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Once a request for proposal (RFP) is created, there are two different groups of people who have to choose the best proposal ideas. The first group is the people who are going to respond to the proposal. They want to choose the best proposal ideas to win the contract. The second group is the people who are going to judge the submitted proposals. They want to choose the proposal idea that best meets their needs.
If you’re in the first group, there are several things you can do to come up with the proposal ideas that are best suited to you and to the request. First, without crossing any lines, you will want to find out as much as possible about the company that sent out the RFP. What is their brand like? What kind of corporate feel are they seeking to create? Is their advertising informative, thoughtful, humorous, innovative, etc.?
Second, read the proposal several times. Talk it over with members of your team if you’re working in a group. Make photocopies and mark it up. Look for what is explicitly and implicitly focused on as the most important aspects of the proposal. Do you get a consistent picture of what is wanted? How can you or your company, given who you are, meet this need?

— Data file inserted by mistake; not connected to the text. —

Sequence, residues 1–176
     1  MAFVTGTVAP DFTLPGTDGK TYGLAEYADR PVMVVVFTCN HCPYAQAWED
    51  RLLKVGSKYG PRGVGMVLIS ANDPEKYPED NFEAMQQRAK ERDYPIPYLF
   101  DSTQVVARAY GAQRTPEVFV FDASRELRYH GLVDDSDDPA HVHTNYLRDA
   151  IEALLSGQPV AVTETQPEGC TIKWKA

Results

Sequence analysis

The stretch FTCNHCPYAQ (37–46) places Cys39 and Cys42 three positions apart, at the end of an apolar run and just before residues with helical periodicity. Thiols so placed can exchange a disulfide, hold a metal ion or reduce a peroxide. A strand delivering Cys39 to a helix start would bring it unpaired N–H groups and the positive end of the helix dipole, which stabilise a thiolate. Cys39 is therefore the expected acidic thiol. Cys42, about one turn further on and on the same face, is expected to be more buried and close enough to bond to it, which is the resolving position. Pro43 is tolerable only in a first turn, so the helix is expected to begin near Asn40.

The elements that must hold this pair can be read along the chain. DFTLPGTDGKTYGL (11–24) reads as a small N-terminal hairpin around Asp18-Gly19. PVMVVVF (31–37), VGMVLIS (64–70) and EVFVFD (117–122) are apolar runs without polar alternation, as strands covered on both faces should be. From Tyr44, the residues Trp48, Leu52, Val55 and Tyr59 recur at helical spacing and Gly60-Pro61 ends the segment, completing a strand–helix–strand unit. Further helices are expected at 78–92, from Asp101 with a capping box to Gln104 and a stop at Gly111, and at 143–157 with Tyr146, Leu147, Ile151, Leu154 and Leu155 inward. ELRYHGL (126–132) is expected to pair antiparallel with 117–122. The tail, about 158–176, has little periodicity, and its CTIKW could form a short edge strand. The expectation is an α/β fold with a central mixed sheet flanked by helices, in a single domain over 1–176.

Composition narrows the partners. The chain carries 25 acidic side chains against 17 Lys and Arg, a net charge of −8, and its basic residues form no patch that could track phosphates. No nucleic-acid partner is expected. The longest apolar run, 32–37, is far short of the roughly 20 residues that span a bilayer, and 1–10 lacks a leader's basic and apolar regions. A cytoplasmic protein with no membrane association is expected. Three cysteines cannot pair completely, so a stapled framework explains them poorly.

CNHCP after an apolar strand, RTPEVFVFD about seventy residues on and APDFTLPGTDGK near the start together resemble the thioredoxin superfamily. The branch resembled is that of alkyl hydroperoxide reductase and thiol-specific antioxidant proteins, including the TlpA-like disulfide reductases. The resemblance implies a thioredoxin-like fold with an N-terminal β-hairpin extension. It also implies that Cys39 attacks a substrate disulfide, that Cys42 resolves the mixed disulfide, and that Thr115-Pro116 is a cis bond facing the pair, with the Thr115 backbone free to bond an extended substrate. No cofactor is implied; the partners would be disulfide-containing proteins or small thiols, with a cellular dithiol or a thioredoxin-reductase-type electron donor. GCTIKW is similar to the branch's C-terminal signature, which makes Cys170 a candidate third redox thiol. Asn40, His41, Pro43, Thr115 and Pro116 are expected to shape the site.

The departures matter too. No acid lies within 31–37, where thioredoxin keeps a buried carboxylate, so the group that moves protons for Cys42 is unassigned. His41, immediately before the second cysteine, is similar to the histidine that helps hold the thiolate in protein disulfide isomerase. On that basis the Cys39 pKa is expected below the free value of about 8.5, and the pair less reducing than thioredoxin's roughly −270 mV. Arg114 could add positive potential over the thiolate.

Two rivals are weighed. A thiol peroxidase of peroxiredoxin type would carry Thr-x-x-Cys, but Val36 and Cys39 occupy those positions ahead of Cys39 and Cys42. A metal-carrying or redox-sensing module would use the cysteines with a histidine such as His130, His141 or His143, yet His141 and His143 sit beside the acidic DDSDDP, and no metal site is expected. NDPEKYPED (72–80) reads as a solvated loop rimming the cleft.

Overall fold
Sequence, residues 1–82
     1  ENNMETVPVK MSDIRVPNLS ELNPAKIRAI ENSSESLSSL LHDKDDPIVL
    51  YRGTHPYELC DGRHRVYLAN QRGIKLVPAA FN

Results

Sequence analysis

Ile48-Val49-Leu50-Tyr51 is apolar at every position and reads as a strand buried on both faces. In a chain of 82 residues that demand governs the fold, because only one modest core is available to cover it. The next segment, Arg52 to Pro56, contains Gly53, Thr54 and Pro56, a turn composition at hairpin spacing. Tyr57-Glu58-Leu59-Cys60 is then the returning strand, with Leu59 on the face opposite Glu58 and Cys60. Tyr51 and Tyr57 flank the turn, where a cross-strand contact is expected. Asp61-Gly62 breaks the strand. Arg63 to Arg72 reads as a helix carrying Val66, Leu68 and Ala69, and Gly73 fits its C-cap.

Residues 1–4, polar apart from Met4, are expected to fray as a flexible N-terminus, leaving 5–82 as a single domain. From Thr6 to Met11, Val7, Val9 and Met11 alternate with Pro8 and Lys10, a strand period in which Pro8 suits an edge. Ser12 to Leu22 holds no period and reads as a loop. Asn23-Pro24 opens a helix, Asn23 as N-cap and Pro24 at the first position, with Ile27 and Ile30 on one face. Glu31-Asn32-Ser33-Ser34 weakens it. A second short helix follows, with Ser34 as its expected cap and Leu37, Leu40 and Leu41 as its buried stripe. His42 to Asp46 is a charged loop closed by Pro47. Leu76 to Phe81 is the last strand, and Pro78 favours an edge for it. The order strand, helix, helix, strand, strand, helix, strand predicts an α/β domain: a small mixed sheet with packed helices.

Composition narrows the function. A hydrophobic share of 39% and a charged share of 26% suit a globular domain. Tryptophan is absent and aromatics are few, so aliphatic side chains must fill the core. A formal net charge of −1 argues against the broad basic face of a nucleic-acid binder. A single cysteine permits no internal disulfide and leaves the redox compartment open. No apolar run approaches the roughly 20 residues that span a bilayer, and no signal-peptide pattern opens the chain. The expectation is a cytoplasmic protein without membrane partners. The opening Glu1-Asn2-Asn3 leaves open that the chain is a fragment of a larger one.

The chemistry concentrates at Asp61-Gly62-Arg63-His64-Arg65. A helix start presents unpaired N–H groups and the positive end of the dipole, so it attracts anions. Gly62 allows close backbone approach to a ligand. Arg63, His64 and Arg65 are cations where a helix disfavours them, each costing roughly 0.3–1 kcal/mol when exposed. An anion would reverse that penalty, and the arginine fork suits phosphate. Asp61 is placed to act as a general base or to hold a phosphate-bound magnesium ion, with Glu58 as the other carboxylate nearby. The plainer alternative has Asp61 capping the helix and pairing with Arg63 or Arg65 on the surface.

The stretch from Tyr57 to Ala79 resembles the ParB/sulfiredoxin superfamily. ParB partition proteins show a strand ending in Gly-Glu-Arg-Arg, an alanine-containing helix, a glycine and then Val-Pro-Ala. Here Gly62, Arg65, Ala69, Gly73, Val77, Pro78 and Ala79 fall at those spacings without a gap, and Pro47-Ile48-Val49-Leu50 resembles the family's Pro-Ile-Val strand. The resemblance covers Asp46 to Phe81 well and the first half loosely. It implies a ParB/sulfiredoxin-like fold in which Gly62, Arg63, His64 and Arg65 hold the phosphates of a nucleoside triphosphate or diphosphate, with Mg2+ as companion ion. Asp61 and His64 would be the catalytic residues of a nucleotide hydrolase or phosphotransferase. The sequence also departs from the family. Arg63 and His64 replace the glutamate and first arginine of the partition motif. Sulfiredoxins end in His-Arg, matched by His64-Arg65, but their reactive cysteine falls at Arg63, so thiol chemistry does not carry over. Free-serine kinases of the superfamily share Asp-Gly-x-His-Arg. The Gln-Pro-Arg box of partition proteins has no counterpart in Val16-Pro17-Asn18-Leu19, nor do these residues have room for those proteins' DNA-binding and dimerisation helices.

Third, identify areas in which you may be being asked to go beyond what is stated. Brainstorm what directions you could take in the areas with open parameters. Fourth, identify any areas in which you need more information or a deeper understanding in order to craft a really fine proposal. Fifth, given what you’ve learned so far, identify what needs to go into the proposal, make a timeline, and start assigning the work, or if it’s only you, doing the work. Be prepared to revisit elements based on new understandings that emerge as you formulate your response.
If you are in the second group and have written your proposal carefully, it should be easy as a first step to separate those that meet the criteria listed in the proposal and those that clearly do not. When you focus on the proposals that are most likely to win the contract, look first for those that are a good match for the company mission and culture. Second, look for proposal ideas that show a nuanced understanding of the broader field and the specific area of the proposal. And third, if appropriate to your field, look for proposals that, while meeting your criteria, take ownership of the proposal in such a way that even the writers of the proposal see it with new eyes and new insight.
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